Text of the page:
More than four million people in India are carrying the HIV/AIDS virus, second only to South Africa with five million. The average daily treatment for an AIDS patient costs at least one dollar in India.
The Indian government will also launch a $43.6 million programme to provide free medication to HIV-positive parents, children up to age 15 and poor patients using government hospitals.
Health Minister Sushma Swaraj told journalists the government was in negotiations with Indian drug companies to get "rock-bottom drug prices" for Indian AIDS patients.
Three Indian pharmaceutical companies are taking part in former US President Bill Clinton's project to slash AIDS drugs to 38 cents a day for developing countries. The Clinton plan announced in October applies to nine Caribbean and four African countries.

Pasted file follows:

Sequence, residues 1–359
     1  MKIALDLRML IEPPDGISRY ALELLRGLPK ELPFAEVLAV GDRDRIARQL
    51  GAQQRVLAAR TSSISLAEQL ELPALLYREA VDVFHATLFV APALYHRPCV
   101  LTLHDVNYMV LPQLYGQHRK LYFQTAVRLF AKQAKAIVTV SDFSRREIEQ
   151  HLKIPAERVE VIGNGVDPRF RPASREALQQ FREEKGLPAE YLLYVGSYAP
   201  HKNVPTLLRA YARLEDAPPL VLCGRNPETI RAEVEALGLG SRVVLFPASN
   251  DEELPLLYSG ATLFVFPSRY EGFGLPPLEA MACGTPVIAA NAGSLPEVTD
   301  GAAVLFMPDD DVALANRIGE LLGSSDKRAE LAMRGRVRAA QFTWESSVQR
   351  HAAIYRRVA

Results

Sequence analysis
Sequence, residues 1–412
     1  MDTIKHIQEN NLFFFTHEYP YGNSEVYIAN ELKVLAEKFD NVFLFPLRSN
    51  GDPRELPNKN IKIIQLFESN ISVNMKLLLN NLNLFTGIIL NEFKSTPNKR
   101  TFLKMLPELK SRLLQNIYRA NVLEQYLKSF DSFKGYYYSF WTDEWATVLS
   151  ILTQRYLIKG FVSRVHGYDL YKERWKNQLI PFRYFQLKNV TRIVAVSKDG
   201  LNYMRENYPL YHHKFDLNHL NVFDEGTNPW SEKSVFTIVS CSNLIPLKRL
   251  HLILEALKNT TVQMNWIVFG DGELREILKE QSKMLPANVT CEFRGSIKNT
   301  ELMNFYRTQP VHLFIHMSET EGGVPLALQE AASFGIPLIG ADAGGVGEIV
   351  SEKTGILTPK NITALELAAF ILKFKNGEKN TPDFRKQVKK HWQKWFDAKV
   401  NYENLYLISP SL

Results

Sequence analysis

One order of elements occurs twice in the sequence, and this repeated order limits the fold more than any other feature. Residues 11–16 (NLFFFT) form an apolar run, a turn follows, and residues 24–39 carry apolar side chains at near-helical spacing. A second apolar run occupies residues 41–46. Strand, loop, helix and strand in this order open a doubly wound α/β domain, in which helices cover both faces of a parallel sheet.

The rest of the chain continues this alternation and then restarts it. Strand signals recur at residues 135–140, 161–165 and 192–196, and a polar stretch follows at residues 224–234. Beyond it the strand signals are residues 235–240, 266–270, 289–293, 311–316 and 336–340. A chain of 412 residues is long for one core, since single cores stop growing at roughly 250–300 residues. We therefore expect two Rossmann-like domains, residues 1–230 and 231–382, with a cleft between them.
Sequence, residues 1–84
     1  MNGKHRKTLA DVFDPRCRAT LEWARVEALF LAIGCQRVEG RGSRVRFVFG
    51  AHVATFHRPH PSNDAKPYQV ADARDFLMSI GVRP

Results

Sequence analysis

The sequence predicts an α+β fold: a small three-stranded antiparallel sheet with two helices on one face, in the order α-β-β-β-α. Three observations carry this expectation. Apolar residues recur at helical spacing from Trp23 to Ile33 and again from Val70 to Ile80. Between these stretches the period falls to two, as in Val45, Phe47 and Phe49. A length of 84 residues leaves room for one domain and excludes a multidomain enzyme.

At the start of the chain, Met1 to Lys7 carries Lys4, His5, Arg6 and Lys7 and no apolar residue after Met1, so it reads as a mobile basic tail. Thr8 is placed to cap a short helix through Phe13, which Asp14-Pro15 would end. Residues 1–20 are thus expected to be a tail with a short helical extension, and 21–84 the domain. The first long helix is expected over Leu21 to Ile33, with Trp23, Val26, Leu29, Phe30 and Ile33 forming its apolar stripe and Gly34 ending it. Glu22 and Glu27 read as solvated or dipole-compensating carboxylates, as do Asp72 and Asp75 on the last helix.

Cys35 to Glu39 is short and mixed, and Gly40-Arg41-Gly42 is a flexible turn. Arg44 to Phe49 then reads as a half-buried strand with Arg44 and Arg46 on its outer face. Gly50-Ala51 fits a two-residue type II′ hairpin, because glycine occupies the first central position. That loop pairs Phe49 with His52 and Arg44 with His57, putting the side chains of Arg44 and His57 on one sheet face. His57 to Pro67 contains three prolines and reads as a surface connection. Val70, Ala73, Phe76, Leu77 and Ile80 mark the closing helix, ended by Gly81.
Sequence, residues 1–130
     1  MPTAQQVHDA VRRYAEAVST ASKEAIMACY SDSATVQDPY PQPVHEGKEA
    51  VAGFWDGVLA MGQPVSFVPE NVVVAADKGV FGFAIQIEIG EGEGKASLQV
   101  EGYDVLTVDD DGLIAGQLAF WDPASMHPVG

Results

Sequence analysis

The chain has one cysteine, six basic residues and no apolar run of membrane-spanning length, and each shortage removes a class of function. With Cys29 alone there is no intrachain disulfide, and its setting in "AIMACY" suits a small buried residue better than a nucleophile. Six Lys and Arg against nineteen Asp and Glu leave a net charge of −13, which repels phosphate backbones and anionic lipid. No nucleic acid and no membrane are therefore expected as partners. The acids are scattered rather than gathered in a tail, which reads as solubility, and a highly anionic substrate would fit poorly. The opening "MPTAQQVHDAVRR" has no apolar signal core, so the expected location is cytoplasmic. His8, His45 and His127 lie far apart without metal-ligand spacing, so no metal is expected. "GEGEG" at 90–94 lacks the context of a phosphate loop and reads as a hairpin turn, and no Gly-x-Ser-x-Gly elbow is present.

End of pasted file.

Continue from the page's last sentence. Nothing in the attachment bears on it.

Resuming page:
"I asked the Indian pharmaceutical companies why they couldn't bring down their prices for their own people when they were offering such a good deal to the Clinton AIDS foundation," Swaraj said.
"After a very fruitful meeting they promised to slash the prices to less than 38 cents for India if the government gave them certain export benefits. I will ask our finance minister to help, I'm sure the deal will go through."
Meenakshi Datta Ghosh, project director for the government's National AIDS Control Organisation, said the deal should be
formalised by April 2004.
"We need to put in place a core team of paramedics to administer the antiretroviral drugs correctly, therefore it may take three months to formalise the agreement. We have set a deadline of April 1," Ghosh said.